He is young—only 29—and is not against the idea of a one-year contract. He could be a nice No. 3 starter behind Lester and Clay Buchholz.

Nick Swisher

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    Playing in Oakland to begin his career and being hidden in a New York Yankees lineup filled with All-Stars, Nick Swisher has become one of the most remarkably underrated players in baseball.

    He has hit at least 20 home runs and knocked home 70 RBI in seven of his last eight seasons (it would have been all eight seasons if not for his 69 RBI in 2008).

    Swisher also draws a good amount of walks, taking the free pass upwards of 95 or more times in four of his last seven seasons.

    He is regarded as a clubhouse player, always bringing a positive attitude to the game and encouraging his teammates to play their best.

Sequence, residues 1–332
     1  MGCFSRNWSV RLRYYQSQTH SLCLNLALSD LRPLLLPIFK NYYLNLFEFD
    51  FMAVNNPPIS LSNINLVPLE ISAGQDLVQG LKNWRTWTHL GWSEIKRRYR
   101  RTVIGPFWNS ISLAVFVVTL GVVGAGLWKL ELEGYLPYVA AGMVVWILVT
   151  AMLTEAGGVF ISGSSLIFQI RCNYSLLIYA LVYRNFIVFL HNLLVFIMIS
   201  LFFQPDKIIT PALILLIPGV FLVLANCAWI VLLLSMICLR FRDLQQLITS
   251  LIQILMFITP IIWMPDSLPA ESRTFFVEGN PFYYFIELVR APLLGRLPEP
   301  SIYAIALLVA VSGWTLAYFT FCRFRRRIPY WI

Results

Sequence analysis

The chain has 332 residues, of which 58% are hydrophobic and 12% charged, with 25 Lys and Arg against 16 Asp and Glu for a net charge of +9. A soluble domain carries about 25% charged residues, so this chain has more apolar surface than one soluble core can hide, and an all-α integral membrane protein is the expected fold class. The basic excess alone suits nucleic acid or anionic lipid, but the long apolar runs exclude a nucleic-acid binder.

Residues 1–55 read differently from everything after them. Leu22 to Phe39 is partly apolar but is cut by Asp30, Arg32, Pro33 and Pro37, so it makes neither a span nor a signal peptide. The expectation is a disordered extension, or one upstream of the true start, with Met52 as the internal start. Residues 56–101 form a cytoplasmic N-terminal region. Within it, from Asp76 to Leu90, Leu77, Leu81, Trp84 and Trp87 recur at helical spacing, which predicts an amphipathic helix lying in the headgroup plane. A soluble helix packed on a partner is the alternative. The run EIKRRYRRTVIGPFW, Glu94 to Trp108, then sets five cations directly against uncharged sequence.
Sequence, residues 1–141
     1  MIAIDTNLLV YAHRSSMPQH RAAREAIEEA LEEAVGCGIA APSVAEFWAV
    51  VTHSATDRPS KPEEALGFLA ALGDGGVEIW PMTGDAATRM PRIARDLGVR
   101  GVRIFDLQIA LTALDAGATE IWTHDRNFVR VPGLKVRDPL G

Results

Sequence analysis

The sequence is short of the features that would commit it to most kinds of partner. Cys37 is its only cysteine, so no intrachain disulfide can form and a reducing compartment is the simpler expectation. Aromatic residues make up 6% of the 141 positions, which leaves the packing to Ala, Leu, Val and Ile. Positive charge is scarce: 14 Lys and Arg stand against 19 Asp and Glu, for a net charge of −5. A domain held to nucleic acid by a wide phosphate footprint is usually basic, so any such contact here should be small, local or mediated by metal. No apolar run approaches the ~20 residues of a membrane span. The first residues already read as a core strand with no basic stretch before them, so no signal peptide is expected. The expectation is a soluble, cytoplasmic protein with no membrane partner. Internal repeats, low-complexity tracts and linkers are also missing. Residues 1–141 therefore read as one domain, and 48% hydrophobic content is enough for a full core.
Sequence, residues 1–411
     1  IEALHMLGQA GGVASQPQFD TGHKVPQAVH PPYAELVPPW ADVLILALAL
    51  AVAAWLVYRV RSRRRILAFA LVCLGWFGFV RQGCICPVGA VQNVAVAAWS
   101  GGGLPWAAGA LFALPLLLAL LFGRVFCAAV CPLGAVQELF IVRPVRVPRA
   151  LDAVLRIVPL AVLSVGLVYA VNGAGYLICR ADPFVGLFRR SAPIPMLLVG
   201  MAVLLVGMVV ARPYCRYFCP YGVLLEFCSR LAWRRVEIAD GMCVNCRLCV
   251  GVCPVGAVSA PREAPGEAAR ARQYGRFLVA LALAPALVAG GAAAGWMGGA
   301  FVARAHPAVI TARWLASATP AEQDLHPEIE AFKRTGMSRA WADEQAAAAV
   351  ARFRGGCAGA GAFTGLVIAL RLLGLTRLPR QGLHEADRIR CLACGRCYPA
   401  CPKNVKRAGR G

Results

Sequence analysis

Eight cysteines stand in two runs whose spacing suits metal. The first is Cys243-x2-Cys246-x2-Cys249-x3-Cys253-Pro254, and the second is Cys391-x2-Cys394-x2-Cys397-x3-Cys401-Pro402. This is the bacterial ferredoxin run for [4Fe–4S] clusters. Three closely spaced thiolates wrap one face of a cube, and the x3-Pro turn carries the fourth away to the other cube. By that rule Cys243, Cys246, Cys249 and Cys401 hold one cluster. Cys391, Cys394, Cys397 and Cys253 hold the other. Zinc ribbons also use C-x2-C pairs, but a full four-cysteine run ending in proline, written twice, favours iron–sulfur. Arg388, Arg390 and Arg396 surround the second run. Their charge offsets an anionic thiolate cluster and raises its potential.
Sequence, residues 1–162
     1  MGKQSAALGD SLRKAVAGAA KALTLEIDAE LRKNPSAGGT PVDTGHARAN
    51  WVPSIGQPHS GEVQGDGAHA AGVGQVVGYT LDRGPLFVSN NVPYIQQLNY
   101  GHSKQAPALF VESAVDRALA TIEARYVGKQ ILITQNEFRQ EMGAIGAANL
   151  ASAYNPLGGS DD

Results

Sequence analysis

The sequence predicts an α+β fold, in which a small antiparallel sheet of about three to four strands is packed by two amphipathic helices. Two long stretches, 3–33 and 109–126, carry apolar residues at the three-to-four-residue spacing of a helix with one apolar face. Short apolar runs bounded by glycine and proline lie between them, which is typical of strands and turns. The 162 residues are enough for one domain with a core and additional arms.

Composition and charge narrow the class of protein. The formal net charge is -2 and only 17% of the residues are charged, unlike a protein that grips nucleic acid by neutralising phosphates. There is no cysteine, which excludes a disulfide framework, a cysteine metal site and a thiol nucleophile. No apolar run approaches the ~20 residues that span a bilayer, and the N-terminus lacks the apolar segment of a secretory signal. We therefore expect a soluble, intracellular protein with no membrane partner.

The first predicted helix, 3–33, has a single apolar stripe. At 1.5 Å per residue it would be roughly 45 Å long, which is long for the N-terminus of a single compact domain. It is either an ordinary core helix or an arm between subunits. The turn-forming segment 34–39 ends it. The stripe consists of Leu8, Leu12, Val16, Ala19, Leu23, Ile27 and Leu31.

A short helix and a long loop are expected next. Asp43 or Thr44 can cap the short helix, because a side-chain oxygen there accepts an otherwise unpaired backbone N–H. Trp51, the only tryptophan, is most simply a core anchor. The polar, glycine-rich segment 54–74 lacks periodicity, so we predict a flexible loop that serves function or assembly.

A free agent in the offseason, Swisher is seeking a Jayson Werth-type contract, according to Jon Heyman. That would mean somewhere in the $126 million ballpark.

    Swisher would be a fantastic fit at Fenway, but the Sox should be very cautious signing him for that amount.

Hiroki Kuroda

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    The New York Yankees made a great move signing Hiroki Kuroda to a one-year, $10 million deal in the past offseason.

    Kuroda, who spent four seasons with the Dodgers, has looked brilliant at times for the Bombers. He has a 14-10 record with a 3.26 ERA and eclipsed 200 innings pitched for the second time in his career.

    Kuroda is a free agent after the season, and if the Yankees decide not to resign him due to his age (he will be 38 at the start of the next season), the Sox should quickly steal him away. They can definitely afford his price after shedding more than $250 million in salaries through the Dodgers trade.

    The Red Sox would definitely like to have him on their side as he has been a tough opponent this year, going eight innings in two of his four starts against them.

    Scott Lauber of the Boston Herald explained how the Red Sox failed attempt to sign the Japanese pitcher in the offseason last year was a both disappointing and consequential.

    The Sox will try to not let it happen again.